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may be confidently followed. All the enchantment of fancy, and all the cogency of argument, are employed to recommend to the reader his real interest, the care of pleasing the author of his being. Truth is shown sometimes as the phantom of a vision, and sometimes appears half veiled in an allegory; she wears a thousand dresses, and in all is pleasing. His prose is the model of the middle style; on grave subjects not formal, on light occasions not grovelling; always equable and always easy, without glowing words or pointed sentences. Whoever wishes to attain an English style, familiar but not coarse, and elegant but not ostentatious, must give his days and nights to the volumes of Addison.” Such a eulogy from one who stands personally in the first order of British moralists, and ranks among the greatest masters of English composition, requires no addition from meaner judges. CONTENTS



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Ladies' Head-Dress,
The Fan Mania,

99 Pedantry,

102 Party Humours,

105 Proposal to leave the Country, .

108 Dissection of a Beau's Head,

111 Dissection of a Coquette's Heart,

114 Pin-Money,

118 Jack Anvil,

122 Project of a Political Academy,

125 Fortune-Hunters,

130 Idling Away Time, .

133 Journal of a Woman of Fashion,

138 On Cat-Calls,

142 A Humorist,

146 Love's Bill of Mortality,

149 Selfish and Unreasonable Supplications,

152 Difference of Manners in Different Parts of London, 156 The Male and Female World,

159 The Republic of Women,

162 Fantastic Female Manners,

165 Advice Seekers,

168 Disputation,

171 Conjugal Affection,

174 The Married Life,

177 Market for Wives,

180 Marriage of Will Honeycomb,

183 The Mountain of Miseries, .

186 The Mountain of Miseries-concluded, .



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THE SPECTATOR'S CLUB. The first of our society is a gentleman of Worcestershire, of an ancient descent, a baronet, his name Sir Roger de Coverley. His great-grandfather was inventor of that famous country-dance which is called after him. All who know that shire are very well acquainted with the parts and merits of Sir Roger. He is a gentleman that is very singular in his behaviour, but his singularities proceed from his good sense, and are contradictions to the manners of the world only as he thinks the world is in the wrong. However, this humour creates him no enemies, for he does nothing with sourness or obstinacy; and his being unconfined to modes and forms, makes him but the readier and more capable to please and oblige all who know him. When he is in town, he lives in Soho Square. It is said he keeps himself a bachelor by reason he was crossed in love by a perverse beautiful widow of the next county to him. Before this disappointment, Sir Roger was what you call a fine gentleman, had often supped with my Lord Rochester and Sir George Etherege, fought a duel upon his first coming to town, and kicked bully Dawson in a public coffee-house for calling him youngster. But being ill used by the above-mentioned widow, he was very serious for a year and a half; and though, his temper being naturally jovial, he at last got over it, he grew careless of himself, and never dressed afterwards. He continues to wear a coat and doublet of the same cut that was in fashion at the time of his repulse, which, in his merry humours, he tells us, has been in and out twelve times since he first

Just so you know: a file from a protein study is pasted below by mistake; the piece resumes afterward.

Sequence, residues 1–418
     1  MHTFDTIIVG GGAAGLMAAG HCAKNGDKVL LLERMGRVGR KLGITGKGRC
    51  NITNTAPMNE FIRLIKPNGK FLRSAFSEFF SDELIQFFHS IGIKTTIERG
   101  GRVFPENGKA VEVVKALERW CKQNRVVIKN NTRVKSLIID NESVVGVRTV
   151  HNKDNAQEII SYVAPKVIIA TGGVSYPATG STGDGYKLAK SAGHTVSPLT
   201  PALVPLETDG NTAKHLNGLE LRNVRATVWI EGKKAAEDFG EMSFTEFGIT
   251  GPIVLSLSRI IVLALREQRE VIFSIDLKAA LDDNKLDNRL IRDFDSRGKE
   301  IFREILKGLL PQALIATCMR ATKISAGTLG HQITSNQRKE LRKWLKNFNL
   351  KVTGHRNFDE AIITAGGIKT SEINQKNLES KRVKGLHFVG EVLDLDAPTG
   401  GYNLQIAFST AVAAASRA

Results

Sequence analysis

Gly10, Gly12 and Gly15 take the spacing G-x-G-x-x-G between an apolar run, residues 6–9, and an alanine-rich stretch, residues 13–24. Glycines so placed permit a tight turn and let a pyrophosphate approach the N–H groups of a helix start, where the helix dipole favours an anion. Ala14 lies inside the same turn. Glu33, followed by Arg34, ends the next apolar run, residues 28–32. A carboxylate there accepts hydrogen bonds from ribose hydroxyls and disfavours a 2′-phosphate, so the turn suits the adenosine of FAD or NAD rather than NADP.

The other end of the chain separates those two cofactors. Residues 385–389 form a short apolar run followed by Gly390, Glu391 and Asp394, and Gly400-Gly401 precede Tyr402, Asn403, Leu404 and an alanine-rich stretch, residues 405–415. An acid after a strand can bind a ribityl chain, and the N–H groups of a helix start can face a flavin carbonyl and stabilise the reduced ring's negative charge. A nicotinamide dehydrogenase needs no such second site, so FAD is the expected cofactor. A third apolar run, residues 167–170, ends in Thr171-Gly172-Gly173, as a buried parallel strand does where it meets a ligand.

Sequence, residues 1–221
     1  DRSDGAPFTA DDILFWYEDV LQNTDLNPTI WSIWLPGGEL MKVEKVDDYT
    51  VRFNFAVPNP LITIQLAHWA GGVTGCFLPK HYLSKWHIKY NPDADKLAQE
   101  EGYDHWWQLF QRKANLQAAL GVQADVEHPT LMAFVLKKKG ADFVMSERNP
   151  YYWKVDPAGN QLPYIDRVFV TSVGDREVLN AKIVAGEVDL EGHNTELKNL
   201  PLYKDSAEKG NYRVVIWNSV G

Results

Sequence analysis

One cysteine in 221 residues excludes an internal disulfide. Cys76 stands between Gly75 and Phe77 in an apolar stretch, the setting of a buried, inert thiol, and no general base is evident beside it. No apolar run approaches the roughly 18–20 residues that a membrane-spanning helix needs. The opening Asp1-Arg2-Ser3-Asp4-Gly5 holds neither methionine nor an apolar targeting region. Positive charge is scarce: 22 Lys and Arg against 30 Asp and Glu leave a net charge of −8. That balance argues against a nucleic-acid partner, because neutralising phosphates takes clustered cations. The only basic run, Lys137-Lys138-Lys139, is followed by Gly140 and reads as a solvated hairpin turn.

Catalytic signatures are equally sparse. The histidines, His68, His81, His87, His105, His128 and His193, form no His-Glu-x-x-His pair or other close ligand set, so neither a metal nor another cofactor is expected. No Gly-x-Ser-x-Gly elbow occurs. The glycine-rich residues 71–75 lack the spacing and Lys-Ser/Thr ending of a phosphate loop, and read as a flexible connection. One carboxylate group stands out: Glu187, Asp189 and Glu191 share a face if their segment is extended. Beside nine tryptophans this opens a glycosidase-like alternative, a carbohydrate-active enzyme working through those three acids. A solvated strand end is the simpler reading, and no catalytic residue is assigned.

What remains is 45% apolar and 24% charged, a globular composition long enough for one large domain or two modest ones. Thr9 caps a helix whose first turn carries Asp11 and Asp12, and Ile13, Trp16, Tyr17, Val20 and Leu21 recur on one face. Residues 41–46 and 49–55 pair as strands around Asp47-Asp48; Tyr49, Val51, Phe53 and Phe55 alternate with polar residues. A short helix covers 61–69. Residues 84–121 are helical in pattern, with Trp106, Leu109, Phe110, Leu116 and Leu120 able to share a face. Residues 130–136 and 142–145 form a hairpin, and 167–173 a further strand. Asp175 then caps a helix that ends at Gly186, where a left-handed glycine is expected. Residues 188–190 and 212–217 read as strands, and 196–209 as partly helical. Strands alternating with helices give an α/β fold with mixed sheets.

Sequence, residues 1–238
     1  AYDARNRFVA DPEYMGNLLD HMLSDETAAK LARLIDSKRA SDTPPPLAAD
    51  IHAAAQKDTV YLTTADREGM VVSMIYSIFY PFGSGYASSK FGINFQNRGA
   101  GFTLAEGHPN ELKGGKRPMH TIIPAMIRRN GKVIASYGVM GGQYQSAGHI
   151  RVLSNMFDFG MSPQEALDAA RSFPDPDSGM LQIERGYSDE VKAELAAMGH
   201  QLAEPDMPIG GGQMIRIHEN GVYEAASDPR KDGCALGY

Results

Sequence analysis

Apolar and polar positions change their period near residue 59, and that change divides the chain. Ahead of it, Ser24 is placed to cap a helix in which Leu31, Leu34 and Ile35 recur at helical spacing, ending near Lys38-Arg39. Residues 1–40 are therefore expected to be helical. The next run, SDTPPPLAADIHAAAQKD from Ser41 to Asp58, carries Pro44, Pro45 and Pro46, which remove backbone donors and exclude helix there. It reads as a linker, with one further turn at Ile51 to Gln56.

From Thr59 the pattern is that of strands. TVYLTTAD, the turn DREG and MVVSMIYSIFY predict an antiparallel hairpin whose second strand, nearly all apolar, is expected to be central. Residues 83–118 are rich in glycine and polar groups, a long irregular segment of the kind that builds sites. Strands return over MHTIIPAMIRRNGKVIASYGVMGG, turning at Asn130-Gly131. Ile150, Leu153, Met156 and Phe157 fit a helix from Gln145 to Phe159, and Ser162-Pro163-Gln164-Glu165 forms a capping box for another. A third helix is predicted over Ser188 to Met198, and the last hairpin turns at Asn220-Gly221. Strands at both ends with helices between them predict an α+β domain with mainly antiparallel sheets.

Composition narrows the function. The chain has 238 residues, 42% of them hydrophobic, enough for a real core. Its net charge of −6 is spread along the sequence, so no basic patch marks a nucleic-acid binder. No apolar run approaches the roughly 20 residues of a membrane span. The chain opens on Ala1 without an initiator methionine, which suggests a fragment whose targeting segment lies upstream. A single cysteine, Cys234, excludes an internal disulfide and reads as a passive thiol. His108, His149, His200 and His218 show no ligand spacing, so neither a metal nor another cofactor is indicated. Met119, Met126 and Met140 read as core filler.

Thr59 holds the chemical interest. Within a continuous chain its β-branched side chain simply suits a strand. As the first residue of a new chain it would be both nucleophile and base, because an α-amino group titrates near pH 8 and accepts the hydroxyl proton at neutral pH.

wore it. He is now in his fifty-sixth year, cheerful, gay, and hearty ; keeps a good house both in town and country; a great lover of mankind; but there is such a mirthful cast in his behaviour, that he is rather beloved than esteemed.

His tenants grow rich, his servants look satisfied, all the young women profess love to him, and the young men are glad of his company. When he comes into a house, he calls the servants by their names, and talks all the way up stairs to a visit. I must not omit, that Sir Roger is a justice of the quorum; that he fills the chair at a quarter-session with great abilities, and three months ago gained universal applause by explaining a passage in the game act.

The gentleman next in esteem and authority among us is another bachelor, who is a member of the Inner Temple, a man of great probity, wit, and understanding; but he has chosen his place of residence rather to obey the direction of an old humoursome father, than in pursuit of his own inclinations. He was placed there to study the laws of the land, and is the most learned of any of the house in those of the stage. Aristotle and Longinus are much better understood by him than Littleton or Coke. The father sends up every post, questions relating to marriage articles, leases, and tenures, in the neighbourhood ; all which questions he agrees with an attorney to answer and take care of in the lump. He is studying the passions themselves, when he should be inquiring into the debates among men which arise from them. He knows the argument of each of the orations of Demosthenes and Tully, but not one case in the reports of our own courts. No one ever took him for a fool, but none except his intimate friends know he has a great deal of wit. This turn makes him at once both disinterested and agreeable. As few of his thoughts are drawn from business, they are most of them fit for conversation. His taste of books is a little too just for the age he lives in; he has read all, but approves of very few. His familiarity with the customs, manners, actions, and writings of the ancients, makes him a very delicate observer of what

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